Will any books stand the test of time?
In ten years people will probably still read The Marriage Plot, but only because they loved Middlesex, and I think that Julian Barnes’ vast body of work will ensure that Sense of an Ending will still be read by a few people, but I can’t think of any book that will be remembered on its own merit.
Many years after publication I still push copies of books like Notes on a Scandal by Zoë Heller, The Book Thief by Markus Zusak and The Time Traveler’s Wife by Audrey Niffenegger into the hands of anyone who hasn’t read them, but in ten years time I can’t see myself being excited by anything published this year.
The entire Booker longlist will slowly drift into obscurity and enthusiasm for the Orange prize winning, The Tiger’s Wife, doesn’t even seem to have made it to the end of the first year. Perhaps we’ll just have to wait for paperback publication next year so that the real gems of 2011 can bubble to the surface through word-of-mouth recommendation?
Do you think any modern classics were published in 2011?
Do you think 2011 produced a lower standard of fiction than usual?
I have often wondered why I am attracted to darker books. Happy stories tend to bore and frustrate me – I prefer to read about characters battling against adversity or enduring situations that I hope I never come close to experiencing. I have often thought this behaviour to be strange so it was refreshing to hear Lionel Shriver talking about the subject at Vintage Classics Day. She also loves darker books, stating that it allows her to:
….experiment with emotion in a safe way.
When tragedy is present in books it intensifies all the emotions, increasing the significance of the happy periods and allowing us to see a greater range of the character’s personality traits. I love the roller-coaster of emotions produced when hardship is encountered and agree with Lionel Shriver that for a book to speak to people through the generations it must contain some degree of tragedy.
Can you think of any classics that don’t contain a tragic element?
What I can’t explain is why books with no happiness appeal. An example is Beside the Sea, a book in which all happiness is masked by dark sense of foreboding. It was one of my favourite reads last year, but it seems weird to actually enjoy reading something so devastagingly sad.
Why is reading about sadness a pleasure?
Do you share my passion for sad books?
Or, can you explain the joys of happy books to me?
Publishers want you to buy their books and so will do their very best to ensure that the blurb on the back of every book is well written and appealing. They can make even the most boring book sound great. Don’t believe me? Go and find a book that you didn’t enjoy and read its blurb. Sounds appealing doesn’t it?!!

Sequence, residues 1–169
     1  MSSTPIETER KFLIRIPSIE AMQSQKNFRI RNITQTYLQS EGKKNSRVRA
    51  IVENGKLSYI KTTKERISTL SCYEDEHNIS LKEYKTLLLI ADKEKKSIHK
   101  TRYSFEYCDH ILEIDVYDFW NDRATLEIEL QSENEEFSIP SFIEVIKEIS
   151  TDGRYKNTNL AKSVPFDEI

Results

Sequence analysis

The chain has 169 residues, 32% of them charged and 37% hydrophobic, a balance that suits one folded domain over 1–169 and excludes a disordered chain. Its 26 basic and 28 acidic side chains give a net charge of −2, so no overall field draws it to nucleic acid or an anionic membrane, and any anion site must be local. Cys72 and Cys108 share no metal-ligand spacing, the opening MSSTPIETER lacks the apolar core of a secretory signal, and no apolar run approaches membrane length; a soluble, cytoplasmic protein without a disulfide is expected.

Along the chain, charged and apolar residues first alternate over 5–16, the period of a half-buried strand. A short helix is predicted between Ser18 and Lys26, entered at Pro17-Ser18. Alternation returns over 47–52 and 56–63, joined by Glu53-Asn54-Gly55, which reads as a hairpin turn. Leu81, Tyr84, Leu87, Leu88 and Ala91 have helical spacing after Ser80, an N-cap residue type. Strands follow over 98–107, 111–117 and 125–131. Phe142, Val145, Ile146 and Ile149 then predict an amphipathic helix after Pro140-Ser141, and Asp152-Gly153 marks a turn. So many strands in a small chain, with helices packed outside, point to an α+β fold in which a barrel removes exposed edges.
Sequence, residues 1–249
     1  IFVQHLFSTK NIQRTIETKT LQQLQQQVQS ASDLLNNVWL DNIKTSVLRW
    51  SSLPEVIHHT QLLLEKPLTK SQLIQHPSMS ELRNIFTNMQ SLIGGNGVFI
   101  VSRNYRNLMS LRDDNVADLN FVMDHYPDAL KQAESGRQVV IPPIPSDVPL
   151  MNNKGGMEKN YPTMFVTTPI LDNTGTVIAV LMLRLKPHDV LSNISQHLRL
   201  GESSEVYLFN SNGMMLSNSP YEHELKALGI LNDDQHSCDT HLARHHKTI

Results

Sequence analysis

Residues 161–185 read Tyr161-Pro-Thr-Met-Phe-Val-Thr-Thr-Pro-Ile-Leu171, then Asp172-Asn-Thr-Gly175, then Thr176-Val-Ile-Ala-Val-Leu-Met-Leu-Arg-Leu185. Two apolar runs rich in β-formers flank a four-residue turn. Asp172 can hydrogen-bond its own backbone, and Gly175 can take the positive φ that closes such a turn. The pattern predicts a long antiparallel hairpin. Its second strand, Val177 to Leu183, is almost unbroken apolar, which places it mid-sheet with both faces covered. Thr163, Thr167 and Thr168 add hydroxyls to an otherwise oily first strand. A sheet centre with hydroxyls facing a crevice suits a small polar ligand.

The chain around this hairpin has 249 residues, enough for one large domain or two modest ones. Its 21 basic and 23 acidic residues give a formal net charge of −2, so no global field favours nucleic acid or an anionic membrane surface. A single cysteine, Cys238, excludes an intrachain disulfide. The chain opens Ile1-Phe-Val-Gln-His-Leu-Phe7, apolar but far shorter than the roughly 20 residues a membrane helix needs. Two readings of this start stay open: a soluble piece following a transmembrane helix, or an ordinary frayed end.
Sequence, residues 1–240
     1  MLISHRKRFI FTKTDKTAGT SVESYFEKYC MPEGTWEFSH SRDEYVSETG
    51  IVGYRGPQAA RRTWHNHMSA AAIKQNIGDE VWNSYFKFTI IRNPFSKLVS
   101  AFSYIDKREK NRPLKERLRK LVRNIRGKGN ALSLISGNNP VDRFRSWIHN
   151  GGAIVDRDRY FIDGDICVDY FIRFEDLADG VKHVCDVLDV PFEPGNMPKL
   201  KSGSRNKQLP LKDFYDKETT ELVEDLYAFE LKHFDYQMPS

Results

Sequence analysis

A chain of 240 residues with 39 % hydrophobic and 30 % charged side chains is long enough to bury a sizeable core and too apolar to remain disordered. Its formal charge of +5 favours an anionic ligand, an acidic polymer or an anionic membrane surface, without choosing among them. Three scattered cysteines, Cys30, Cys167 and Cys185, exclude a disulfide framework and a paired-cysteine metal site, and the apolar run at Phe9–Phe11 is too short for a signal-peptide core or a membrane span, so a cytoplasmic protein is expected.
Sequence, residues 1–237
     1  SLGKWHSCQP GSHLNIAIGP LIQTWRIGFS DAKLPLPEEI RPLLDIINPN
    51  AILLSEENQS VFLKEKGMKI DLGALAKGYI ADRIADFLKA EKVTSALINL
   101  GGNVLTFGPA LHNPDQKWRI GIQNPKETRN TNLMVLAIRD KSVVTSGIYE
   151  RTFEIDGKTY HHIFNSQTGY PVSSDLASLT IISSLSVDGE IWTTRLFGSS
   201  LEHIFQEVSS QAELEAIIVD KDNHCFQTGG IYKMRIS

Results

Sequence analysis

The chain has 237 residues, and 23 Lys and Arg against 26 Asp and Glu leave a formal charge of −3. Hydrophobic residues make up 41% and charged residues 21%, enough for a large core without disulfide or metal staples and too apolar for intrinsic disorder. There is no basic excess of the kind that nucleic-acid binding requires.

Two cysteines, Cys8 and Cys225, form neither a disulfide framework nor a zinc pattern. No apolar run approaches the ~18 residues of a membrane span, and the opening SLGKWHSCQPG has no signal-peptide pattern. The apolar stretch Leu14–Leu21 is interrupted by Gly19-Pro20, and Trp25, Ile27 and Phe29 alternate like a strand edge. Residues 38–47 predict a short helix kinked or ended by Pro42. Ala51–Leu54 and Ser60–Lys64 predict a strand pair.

The problem is that blurbs give little insight into what the experience of reading the book will actually be like. I recommend ignoring the blurb and turning straight to the first page of the book. Reading the first few paragraphs will give you much more useful information about the writing style and a better indication of whether or not you are likely to enjoy reading the book.
I have always known that I am terrible at selecting books simply from reading the blurb. In my pre-blogging days I wandered around libraries picking up books that had appealing covers and found a very poor percentage of them to be enjoyable. Now I have an array of wonderful bloggers to provide me with book recommendations I rarely read the blurb on a book, but last week I investigated the Waterstone’s 11 and noticed just how poorly my thoughts on the blurb matched with my enjoyment of the first chapter. If I had to rank the books based solely on their blurbs then Pigeon Englishwouldn’t have got near the top, but I only had to read the first few lines to know that it is a book I’ll love.
Another problem with blurbs is that they often give away too much of the plot for me. I prefer to know as little as possible about the story that is about to unfold and even though few books give away the ending, most will explain the events of the first 50 pages. I don’t like having the first hour of my reading experience summarised in a few lines – it lessens its impact.
What is the solution?
I occasionally receive proof copies of books in plain, unmarked covers. I love the fact that I am unable to form an impression of these books from the cover – it leads me to begin the book without any preconceptions and an open mind. I know that people like their pretty covers too much for this to ever happen and so the most I can do is persuade you not to read the blurb before reading the book. Try to decide if a book is for you by reading words the author has written, not the publisher.
Do you like reading blurbs?
When deciding whether or not to read a book do you read the blurb or the first page?